ALL OF THE European Union’s 27 finance ministers have now agreed to extend the repayment dates of Ireland’s European bailout loans.
The Eurogroup, meeting in Dublin Castle this morning, agreed to extend the maturities of Ireland’s loans from the EFSF and EFSM bailout funds by an average of seven years.
This was followed by a meeting of all 27 member states’ finance chiefs – Ecofin- who agreed in principle and “subject to national procedures” to lengthen the maturity of the loans by seven years.
Earlier, Jeroen Dijsselbloem, the Dutch finance minister who chairs meetings of the Eurogroup, said there had been no major opposition to the proposals.
Approval was needed from all 27 ministers as the EFSM is funded by all 27 members, whereas the EFSF is funded only by the 17 countries who use the euro.
The agreement means Ireland will have longer to repay its loans, and reduces the cash that Ireland would have needed to supply in the forthcoming years in order to begin repaying the European arm of its €67.5 billion bailout.
The deal is expected to have a positive impact on the prospect of Ireland being able to borrow enough money from private investors that it will not need any further funding from the EU or IMF when its bailout funds run out later this year.
A similar extension has been granted for Portugal, but remains provisional until parts of its 2013 Budget – which were struck down by a domestic court last week – are revisited.
A joint-statement issued this evening by Eurogroup and Ecofin ministers said that they took note that extending the maturities of the loans “would, in the broader context of regaining market access, be confidence-enhancing for market participants and thereby protecting Portugal and Ireland from refinancing risks stemming from developments in other euro area programme countries like Cyprus.”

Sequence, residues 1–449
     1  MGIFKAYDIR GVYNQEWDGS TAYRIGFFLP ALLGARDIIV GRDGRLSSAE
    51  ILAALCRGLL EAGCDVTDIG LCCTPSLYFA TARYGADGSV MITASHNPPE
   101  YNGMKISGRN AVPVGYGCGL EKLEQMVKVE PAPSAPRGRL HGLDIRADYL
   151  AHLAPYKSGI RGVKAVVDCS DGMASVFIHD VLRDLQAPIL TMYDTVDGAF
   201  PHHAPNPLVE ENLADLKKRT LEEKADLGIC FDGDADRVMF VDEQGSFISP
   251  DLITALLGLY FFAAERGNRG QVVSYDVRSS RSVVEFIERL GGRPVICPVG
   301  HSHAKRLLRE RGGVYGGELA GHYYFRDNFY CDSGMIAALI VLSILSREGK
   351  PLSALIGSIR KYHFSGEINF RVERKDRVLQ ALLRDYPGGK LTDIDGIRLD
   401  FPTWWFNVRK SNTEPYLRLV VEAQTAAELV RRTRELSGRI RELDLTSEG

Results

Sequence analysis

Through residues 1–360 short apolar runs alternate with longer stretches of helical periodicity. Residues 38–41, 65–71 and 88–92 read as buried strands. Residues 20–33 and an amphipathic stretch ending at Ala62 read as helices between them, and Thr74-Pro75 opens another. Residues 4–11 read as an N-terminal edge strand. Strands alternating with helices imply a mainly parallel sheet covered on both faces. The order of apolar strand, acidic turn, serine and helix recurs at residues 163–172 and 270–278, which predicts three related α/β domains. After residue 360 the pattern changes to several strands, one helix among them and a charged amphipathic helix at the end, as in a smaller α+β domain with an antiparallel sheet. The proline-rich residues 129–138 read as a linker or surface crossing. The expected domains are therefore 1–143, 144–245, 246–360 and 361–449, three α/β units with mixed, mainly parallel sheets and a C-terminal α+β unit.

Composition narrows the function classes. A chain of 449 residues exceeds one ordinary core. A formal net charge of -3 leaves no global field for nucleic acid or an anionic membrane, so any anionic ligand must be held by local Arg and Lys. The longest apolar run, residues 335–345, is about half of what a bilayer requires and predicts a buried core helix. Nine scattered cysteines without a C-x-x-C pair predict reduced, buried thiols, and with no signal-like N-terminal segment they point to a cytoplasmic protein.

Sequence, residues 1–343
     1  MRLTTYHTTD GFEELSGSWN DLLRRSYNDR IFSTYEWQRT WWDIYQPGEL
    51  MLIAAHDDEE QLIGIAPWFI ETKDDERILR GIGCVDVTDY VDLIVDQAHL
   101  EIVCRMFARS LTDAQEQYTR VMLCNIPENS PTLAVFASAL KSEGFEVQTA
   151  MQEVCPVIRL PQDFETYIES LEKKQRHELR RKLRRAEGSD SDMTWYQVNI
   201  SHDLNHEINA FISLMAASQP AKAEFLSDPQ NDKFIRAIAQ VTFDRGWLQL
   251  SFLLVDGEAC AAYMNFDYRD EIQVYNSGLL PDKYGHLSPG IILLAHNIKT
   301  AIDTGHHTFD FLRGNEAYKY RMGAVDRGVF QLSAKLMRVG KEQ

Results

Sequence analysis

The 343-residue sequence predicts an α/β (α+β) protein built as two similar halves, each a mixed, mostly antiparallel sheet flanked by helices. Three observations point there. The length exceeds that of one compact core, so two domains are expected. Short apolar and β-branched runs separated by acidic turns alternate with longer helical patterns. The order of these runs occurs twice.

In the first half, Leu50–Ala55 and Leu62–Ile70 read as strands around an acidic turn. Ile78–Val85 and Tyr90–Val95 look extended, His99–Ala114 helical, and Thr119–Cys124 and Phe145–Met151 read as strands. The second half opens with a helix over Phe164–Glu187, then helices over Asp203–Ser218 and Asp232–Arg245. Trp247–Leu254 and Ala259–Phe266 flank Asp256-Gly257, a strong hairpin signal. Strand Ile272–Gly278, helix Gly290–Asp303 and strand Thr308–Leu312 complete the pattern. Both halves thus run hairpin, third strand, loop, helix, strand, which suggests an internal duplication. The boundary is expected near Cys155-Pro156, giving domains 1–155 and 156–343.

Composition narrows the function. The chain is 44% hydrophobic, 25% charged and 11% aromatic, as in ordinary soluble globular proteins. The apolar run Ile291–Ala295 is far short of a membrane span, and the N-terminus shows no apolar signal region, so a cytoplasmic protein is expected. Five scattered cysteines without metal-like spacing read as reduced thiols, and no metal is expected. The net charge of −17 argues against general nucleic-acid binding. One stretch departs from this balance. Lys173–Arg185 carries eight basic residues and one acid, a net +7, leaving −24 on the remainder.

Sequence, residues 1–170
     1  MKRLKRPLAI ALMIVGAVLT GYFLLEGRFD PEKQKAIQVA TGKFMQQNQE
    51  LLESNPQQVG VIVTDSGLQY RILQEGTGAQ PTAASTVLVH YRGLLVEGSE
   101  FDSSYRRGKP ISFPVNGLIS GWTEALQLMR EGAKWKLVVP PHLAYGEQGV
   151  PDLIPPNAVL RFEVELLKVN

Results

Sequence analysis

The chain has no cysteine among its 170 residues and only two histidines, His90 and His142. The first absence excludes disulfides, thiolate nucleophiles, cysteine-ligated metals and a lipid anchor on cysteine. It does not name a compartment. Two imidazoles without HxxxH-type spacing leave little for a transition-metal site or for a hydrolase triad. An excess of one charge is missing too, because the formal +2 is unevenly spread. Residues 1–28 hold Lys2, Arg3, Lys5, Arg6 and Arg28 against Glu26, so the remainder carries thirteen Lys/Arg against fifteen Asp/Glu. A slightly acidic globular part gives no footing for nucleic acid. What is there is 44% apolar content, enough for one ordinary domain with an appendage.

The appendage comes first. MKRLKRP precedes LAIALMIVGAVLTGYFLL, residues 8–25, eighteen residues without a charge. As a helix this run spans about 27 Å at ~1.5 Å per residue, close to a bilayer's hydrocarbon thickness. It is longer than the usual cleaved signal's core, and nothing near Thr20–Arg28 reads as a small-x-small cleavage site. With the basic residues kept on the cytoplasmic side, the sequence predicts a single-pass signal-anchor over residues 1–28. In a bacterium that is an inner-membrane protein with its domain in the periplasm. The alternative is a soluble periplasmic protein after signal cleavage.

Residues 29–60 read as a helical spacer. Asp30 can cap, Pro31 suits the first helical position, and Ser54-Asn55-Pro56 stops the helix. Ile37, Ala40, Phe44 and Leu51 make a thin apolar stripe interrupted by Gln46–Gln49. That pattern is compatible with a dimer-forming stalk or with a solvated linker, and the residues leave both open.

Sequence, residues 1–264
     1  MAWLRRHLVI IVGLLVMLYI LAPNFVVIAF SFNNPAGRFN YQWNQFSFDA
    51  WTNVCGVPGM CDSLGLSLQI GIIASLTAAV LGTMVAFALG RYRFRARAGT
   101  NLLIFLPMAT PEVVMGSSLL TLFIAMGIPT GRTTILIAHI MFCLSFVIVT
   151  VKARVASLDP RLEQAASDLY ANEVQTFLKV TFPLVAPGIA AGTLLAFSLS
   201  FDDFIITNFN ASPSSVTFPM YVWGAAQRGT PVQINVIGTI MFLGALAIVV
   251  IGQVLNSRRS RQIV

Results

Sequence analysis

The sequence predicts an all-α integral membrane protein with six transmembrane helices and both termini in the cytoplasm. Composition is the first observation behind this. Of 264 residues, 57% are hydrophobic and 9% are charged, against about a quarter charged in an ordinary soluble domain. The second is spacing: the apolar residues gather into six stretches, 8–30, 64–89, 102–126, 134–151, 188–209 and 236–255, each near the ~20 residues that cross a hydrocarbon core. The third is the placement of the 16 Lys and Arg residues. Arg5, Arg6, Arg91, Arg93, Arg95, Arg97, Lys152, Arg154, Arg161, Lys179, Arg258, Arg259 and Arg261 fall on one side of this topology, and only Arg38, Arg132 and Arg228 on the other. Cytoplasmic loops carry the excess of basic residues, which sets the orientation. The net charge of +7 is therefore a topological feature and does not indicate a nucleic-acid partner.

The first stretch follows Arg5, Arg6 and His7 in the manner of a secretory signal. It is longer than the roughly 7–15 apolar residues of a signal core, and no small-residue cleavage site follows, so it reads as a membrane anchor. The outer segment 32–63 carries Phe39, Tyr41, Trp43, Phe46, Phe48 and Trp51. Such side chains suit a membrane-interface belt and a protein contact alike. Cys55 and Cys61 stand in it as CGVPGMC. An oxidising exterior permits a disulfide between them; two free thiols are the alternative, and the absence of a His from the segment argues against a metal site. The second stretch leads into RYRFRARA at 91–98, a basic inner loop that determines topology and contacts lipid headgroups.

‘No significant push back’, says Noonan
Before the summit, Michael Noonan had said discussions with his European counterparts had seen broad approval for proposals to extend the loans.
Portuguese finance minister “Vitor Gaspar and myself had a long exchange of views the night before last; I spoke to [EU economics commissioner] Olli Rehn yesterday; I spoke to Vittorio Grilli of Italy and some other colleagues last night,” Noonan told reporters.
“There doesn’t seem to be any significant push-back” against the proposals, he said, though conceding that it was impossible to predict whether any national parliaments could oppose the deal.
Italy is without a functioning parliament since last month’s elections, while Germany is gearing up for federal elections this September – meaning it may be difficult for Angela Merkel’s coalition to sell a deal that would delay the repayment of German loans to Ireland.
Noonan said, meanwhile, that a final decision on whether Ireland would be able to recoup some of its banking costs from the Eurozone’s bailout fund would not be made until next year.
Today’s meeting would host the last of three discussions on how the European banking union, and a single supervisory mechanism for Europe’s banks, would operate. Those discussions would be used to guide a committee which is preparing a document with proposals for how the system could work.
“Direct recapitalisation [of EU banks by the bailout fund] is the last piece of a series of policies that need to be decided before there is a banking union,” Noonan said.
“In terms of a time line, we’re looking at next year. We’re not looking at this year for direct recapitalisation – but then again, we never were. It’s not a question of a delay, it’s a question of things being put in place eventually.”
- additional reporting from Hugh O’Connell